4.When the mode is saved the stick man icon will appear next to the mode button that had been pressed. You can save your personal pre-set mode in any of the four pre-set locations. Once a user mode is saved, just press the mode button to revert to the factory setting or toggle back and forth between the two settings.
Your new Minelab Safari comes with an alkaline holder which takes eight 1.5V pen-light cells.
Ensure you buy good quality alkaline batteries. You can expect up to 14 hours of operation from a new set. Wearing headphones extends the life of the cells quite a bit. You can also purchase as recommended Minelab accessory
items a mains wall charger and a NiMH 1600/1800 mAH rechargeable cell. This may be a worthy investment if you plan on using your new Safari quite often. Expected battery life can be greater with the 1800 mAH with upwards of 16 hours use possible. Please follow instructions and guidelines for proper care of NiMH battery cells.
Yes, other coils can be used with Safari.
The Safari uses an 11” DD coil as standard. This coil has already been introduced to the Explorer and E-Trac series of detectors with great success and glowing tributes. The coil is both lightweight and waterproof but is still really durable. Allied to the new longer lower shaft, it means that it is easy to use and it also gives the machine a good balanced feel when in the field. Depth is really impressive and the pinpointing is sharp too which is helped by the physical nature of the coil with the cross supports creating an identifiable centre point.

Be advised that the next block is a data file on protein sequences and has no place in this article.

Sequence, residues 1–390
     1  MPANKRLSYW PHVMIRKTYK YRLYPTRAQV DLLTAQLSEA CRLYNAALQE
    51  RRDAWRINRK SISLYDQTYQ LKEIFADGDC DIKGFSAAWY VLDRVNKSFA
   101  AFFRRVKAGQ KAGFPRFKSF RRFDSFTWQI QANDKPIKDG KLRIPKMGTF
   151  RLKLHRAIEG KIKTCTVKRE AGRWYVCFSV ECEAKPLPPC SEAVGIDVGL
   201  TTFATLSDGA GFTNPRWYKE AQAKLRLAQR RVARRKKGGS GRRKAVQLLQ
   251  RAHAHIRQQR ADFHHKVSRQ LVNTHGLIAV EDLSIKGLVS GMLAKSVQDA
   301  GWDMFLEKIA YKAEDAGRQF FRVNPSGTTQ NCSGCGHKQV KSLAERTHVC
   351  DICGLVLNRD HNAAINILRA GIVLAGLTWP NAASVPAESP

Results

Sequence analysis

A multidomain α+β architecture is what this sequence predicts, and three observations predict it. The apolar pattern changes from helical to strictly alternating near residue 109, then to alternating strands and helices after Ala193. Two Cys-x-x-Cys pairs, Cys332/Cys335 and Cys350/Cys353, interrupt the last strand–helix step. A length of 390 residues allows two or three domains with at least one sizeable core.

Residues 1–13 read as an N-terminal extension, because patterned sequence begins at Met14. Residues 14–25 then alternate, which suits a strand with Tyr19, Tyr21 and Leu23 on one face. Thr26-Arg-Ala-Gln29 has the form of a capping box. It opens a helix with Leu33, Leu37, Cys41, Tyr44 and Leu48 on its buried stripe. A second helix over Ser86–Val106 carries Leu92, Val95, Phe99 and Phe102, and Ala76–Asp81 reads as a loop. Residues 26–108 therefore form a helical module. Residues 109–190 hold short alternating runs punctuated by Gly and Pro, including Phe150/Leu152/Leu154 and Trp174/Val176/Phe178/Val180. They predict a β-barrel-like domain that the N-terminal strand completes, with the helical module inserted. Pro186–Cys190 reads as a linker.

The smaller Minelab FBS 8” coil can be used without having to make any adjustments. In fact, the use of small coils is encouraged on junky coin-shooting sites. Another tip would be to always remove and clean the coil cover after a few detecting sessions, especially after immersing the coil in salt water. This can help in reducing the chances of false signals occurring.
The Safari has four operating modes and in reality any of the four modes can be used in most applications. However, the Coins mode would be a good mode setting to start with, if new to the Safari detector. This has some in-built discrimination against most iron, foil and light aluminum.
If you find that you would like to increase, or decrease, the amount of discrimination just follow the easy steps outlined above in the Modifying/Saving tutorial. The learning curve for this detector is really short and compared to other detectors is really quick to pick up on as well. Just press the Power button, pick a mode and that’s it…it’s really quick. You will find that targets will give a range of sounds varying in pitch from a low sound to a high squeal. In Coins mode, on the beach or in coin shooting areas, coins (modern and many older ones) will give a high pitched sound. The opposite may happen on some older sites you visit. Some of the older, thinner, low grade collectible